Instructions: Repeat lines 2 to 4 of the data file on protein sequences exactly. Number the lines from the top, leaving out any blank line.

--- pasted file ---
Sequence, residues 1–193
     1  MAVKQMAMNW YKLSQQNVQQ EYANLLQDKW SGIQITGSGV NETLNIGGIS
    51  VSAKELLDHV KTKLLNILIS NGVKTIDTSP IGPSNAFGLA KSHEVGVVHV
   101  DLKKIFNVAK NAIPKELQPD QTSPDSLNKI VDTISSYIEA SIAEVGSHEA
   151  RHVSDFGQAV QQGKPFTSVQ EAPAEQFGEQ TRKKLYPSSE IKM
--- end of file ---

     1  MAVKQMAMNW YKLSQQNVQQ EYANLLQDKW SGIQITGSGV NETLNIGGIS
    51  VSAKELLDHV KTKLLNILIS NGVKTIDTSP IGPSNAFGLA KSHEVGVVHV
   101  DLKKIFNVAK NAIPKELQPD QTSPDSLNKI VDTISSYIEA SIAEVGSHEA